Uber and Airbnb should watch their backs

Disruptors have it easy to start with. Then they start running into predictable difficulties, says Costas Markides

watch your step

Jeff Jones’s abrupt departure from Uber after just a few months is surely proof that the once seemingly unstoppable disruptor is in serious trouble. Jones was tasked with improving Uber’s brand and reputation.

In the six months since he joined as number two to CEO Travis Kalanick, the company has faced sexual harassment allegations, rows with regulators and legal challenges over intellectual property and tax. “Jeff came to the tough decision that he doesn’t see his future at Uber,” Kalanick emailed staff. The question is: does Uber itself have a future? 

Airbnb, another high-profile disruptor, has just raised an extra US$1 billion (£802,700,000) to enable it to expand into new areas such as travel tours and luxury rentals. But while its global business is growing, the company has had its wings clipped after falling foul of regulators in New York, Barcelona and London (where hosts can now only rent out rooms for less than 90 consecutive days). Whether or not the company will be able to fly out of mischief remains to be seen.
Every disruptor has it easy at the start, says Costas Markides, Professor of Strategy and Entrepreneurship at London Business School. “They have a time advantage over the established firms, which take forever to respond – it can take five, 10, 20 years. Their first reaction is to say, ‘We’ll keep an eye on it.’ The disruptor’s market share is so small relative to the established player’s core business that they don’t pay attention to it – and if they ask their own customers what they think of the new model, the response sends them in the wrong direction, because to begin with it’s a new customer base.” 

It’s when disruptors start to become established themselves that their problems start. Three things happen when disruptors grow big, says Professor Markides: 

1. They lose the surprise advantage. “The established airlines, hotel chains, taxi companies – they’re not stupid. Now that they’re focusing their attention and resources on the disruptors, many of them will come up with good responses to slow down their growth. That’s when the competitive battle begins.” 

2. They get noticed by the regulators. “Up until now Uber has had a free ride, not only from all the other players but from the government. Inevitably there’s going to be a backlash because there’s unfair competition. It’s the same with Airbnb. It will only take one or two bad incidents before governments will step in. New regulations will stop their growth.”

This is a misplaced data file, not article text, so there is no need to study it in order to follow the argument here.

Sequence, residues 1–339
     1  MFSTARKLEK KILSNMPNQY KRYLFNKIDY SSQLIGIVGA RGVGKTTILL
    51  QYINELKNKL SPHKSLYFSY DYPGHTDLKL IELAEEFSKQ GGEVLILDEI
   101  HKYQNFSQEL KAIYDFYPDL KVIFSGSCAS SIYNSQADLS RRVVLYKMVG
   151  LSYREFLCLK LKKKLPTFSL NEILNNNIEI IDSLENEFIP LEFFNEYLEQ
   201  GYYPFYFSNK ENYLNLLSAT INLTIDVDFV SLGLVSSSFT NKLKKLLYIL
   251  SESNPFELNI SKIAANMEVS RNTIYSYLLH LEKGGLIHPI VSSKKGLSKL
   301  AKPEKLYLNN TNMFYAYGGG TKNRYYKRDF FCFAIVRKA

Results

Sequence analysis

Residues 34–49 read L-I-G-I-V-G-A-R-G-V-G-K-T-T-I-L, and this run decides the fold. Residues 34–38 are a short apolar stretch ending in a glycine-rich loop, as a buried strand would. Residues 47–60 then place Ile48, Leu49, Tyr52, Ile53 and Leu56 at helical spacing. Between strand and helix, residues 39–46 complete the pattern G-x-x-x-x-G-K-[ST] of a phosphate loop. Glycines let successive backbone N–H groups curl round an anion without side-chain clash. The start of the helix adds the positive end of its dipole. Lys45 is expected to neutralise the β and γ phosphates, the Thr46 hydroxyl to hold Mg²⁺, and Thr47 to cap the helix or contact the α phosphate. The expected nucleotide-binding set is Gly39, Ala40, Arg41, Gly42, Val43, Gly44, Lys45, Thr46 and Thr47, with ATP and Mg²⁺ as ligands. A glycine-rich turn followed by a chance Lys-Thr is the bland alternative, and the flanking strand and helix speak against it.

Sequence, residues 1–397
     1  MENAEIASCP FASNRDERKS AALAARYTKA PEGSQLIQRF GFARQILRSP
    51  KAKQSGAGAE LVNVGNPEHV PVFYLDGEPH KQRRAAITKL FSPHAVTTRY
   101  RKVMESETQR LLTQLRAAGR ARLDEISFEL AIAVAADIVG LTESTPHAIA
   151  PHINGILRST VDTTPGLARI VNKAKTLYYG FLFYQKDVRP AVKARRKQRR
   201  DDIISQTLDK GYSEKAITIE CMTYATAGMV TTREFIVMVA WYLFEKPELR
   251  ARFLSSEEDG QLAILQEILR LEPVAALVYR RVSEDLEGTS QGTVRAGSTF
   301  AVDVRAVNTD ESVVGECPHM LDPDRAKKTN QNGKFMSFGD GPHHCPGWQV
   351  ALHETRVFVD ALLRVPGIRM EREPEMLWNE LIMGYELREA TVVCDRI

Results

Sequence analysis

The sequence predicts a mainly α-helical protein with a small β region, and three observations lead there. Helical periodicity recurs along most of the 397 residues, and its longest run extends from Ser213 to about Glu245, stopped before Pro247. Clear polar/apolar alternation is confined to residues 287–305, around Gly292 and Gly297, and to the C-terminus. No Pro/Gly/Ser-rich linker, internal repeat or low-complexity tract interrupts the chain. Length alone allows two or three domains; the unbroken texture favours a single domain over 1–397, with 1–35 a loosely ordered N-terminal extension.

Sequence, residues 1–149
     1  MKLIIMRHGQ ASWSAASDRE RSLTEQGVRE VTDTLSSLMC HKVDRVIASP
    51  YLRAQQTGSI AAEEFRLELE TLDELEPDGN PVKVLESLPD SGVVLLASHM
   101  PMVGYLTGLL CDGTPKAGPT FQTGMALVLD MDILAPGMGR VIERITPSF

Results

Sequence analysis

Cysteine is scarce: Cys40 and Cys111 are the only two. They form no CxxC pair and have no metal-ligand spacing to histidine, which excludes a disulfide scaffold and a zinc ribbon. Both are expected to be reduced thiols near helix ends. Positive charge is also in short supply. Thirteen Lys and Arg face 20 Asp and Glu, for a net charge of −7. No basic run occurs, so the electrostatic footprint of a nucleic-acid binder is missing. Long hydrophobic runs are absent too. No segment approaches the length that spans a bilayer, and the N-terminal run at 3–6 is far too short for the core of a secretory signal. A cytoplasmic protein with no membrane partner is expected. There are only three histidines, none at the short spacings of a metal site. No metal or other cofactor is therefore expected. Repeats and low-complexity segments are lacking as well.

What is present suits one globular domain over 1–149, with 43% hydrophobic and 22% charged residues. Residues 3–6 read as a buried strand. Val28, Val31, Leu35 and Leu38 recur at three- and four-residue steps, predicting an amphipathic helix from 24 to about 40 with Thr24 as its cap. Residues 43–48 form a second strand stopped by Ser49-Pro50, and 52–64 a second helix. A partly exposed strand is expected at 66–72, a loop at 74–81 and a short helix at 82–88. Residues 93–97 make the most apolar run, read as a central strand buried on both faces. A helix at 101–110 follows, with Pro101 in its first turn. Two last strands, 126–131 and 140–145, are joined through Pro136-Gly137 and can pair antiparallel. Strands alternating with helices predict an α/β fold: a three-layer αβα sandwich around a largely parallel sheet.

3. They go through a natural life cycle. “Just like people, companies grow, mature and decline. They start out small, very entrepreneurial, with the advantage of novelty and a wonderful business model. They grow and grow and then suddenly they’re a big firm, making big money. They put in place the structures and processes required for a big firm and the culture changes. Inertia and arrogance set in, the culture becomes a little less agile. They lose their competitive advantage.” 

What can successful disruptors do, then, to stay ahead? Professor Markides offers three pieces of advice. 

First: don’t wait for the crisis. “You’re on your upward trajectory now but at some point you’ll get to the maturity phase. Constantly challenge and question the way you operate. Deliberately create positive crises to challenge your organisation. If you’ve had a superb year, aim higher. Set challenging goals; a vision that reaches far beyond what you’re currently doing. Sell that vision to your people to win their emotional commitment. That leads to questioning and challenging and out of that come new ideas and innovation.” 

Second: don’t let your company be disrupted unawares. “On the periphery of your business you’re going to see lots of things happening. Some of them may grow to disrupt you, some may not. The problem is, you don’t know which. How can you be ready and agile enough to respond to them? Look at what Google is doing.” Google has made equity investments in 3,500 start-up firms all over the world. “They see someone doing R&D in a garage somewhere and say, that technology looks interesting. I’m going to buy 10%. You might not have Google’s resources but you can still forge alliances.” 

Third: don’t let success go to your head. “Companies go bankrupt because the leader, who started out as a good guy, starts making their millions and thinking they’re God’s gift to earth – they become autocratic.” Leaders of disruptive firms need to appreciate that they cannot monitor everything themselves. “You have to decentralise. Give autonomy to people, within defined parameters, so that in different regions people can behave in ways that give your company the agility it needs.”